Archive for Mar, 2016

Space Command

Posted: 29/03/2016 by Alternate Celt in Dark Tales, Self Published, writing

A reblog of this extract. This is one of the stories in the Dark Tales short story ebook

crowkitchentales's Blog

The following is an excerpt from a story I wrote some time ago, partly inspired by the events of the 11th of September 2001. It is set in a possible near future. In this excerpt, the main character, Honey Kirkwall, explains a little about herself and her world.

Things I remember from my childhood, before and then in those first few tentative years after the September 11th attacks, seem almost unreal – too glossy and glamorous to have really happened. So many things we took for granted, things I wanted and possessed as a child that no child now ever dreams of. Peace, the sanctity of your home, education that the world envied, even looking down -albeit with sympathy- on all those developing nations sunk in a quagmire of civil war.
Somewhere in the back of my mind, flickering on celluloid, is the voice of a man pleading with…

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Author Spotlight on Lulu

Posted: 29/03/2016 by Alternate Celt in Self Published, writing

This is my Author Spotlight page at Lulu , which is a Self Publishing website.  Here you can buy Dark Tales from the Crow Kitchen which is a book of short stories, The Ballad of Sara and Jared, which is a fantasy novel and my picture book of poetry, From Underhill.

Rock n Roll in the 22nd Century

Posted: 28/03/2016 by Alternate Celt in Extracts

This is an extract from something I’m working on.  It’s set in a rather wet and sad dystopian 22nd century at the birth of a musical revival.  The style is a kind of faux biography and the language is adult.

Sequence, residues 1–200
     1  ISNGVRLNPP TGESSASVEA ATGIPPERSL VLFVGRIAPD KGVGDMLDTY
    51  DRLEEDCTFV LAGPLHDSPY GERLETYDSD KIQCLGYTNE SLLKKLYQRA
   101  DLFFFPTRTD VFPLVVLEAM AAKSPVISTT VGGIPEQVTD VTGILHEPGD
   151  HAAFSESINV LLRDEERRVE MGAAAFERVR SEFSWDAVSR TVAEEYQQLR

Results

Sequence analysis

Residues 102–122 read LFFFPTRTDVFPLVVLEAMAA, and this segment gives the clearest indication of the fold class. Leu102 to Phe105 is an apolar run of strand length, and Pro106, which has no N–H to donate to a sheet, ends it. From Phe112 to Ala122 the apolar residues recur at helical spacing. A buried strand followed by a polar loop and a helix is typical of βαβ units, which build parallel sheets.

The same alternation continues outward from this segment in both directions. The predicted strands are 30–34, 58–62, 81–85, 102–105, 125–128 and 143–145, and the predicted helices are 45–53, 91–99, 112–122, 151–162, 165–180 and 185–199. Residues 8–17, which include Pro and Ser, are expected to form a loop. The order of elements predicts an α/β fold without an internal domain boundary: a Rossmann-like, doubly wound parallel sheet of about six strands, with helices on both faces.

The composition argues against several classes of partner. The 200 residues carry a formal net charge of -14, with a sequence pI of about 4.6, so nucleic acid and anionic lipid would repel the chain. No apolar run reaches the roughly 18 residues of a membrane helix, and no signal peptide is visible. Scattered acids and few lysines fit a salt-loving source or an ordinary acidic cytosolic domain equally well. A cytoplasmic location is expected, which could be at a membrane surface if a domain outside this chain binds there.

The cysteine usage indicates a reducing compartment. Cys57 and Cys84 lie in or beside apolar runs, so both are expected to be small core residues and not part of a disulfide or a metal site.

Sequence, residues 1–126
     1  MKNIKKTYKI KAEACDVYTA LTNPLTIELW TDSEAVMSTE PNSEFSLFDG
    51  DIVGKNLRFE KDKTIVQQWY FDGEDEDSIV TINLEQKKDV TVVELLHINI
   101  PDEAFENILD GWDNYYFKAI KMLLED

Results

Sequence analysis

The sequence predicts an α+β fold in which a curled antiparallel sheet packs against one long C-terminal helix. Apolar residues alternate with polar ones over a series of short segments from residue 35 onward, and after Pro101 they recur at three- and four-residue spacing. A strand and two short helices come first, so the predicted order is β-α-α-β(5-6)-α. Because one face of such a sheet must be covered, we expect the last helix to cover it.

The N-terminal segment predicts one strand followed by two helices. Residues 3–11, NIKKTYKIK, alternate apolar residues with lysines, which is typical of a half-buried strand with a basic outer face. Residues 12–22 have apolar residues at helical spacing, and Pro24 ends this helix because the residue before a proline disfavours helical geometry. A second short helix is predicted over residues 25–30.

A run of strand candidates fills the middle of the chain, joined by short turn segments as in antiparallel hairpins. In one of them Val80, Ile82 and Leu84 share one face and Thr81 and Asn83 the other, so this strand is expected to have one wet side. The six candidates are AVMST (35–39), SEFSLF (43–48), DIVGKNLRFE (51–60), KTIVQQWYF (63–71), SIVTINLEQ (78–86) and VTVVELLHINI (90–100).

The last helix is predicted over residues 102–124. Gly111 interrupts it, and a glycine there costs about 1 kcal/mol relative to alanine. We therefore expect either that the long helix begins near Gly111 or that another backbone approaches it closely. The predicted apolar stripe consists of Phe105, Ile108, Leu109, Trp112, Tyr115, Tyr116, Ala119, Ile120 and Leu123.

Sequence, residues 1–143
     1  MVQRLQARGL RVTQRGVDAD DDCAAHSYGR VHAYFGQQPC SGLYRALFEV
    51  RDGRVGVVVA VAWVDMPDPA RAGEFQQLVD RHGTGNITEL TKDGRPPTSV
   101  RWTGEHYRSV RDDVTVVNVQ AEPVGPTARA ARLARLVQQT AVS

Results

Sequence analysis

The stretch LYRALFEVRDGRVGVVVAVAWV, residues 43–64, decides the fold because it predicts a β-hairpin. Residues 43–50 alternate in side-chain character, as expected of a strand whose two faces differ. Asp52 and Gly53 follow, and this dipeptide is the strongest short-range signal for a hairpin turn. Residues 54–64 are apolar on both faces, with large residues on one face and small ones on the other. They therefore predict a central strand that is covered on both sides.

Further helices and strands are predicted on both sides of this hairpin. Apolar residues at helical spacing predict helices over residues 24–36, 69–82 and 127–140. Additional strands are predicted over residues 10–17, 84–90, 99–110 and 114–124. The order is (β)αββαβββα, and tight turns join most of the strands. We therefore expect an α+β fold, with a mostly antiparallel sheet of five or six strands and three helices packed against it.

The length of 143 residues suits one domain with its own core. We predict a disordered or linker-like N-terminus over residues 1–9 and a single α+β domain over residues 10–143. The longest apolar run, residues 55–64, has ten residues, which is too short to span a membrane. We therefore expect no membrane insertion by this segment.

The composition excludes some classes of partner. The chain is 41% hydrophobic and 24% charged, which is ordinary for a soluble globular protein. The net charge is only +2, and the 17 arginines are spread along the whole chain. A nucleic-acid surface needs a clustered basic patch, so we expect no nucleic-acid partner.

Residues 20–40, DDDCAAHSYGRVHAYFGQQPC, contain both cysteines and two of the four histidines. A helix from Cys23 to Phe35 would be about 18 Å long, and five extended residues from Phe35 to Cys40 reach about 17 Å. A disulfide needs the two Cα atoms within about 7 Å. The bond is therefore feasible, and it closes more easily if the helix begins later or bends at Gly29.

I remember the first time I heard the music.  It tore into my consciousness, bringing vivid colour into a world of pastel bland, “acceptable” music.  It was raw, visceral, bristling with fury and pounding with a sexual rhythm that I was barely old enough to understand.  It didn’t matter to me that it was old and playing on ancient salvaged equipment, because it felt like every saw-toothed guitar riff was ripping my eyes open after a lifetime in a musical coma.
I was no illiterate, even at 10, because my parents were nightclub musicians and I’d been surrounded in song and rippling blues and jazz since I was born, but this was something utterly different.  Maybe it was because it was everything my parent’s music wasn’t and I already wanted to be anything other than my parents.  It also wasn’t a thing like the bubblegum pop and brat rap that the kids around me seemed to class as music; another major bonus for a girl always sitting sullenly on the fringe of the many different schools she passed through. It was special; a newly discovered secret, an archeological find as glorious and beautiful as any ancient golden horde. It was Rock n Roll, and, so my Uncle Ché told me, it was like a hundred years old but it was still the most incredible fucking thing I’d ever heard.
Ché is 4 years older than me, and we were sitting in my Parent’s current box apartment in the High Towers of the Big Easy where all four of us have lived crammed together for the last 8 weeks. I can’t remember where my parent’s were, drunk someplace probably, and I have a feeling we both should have been at school, but instead we were listening to this wild music and having our minds blown.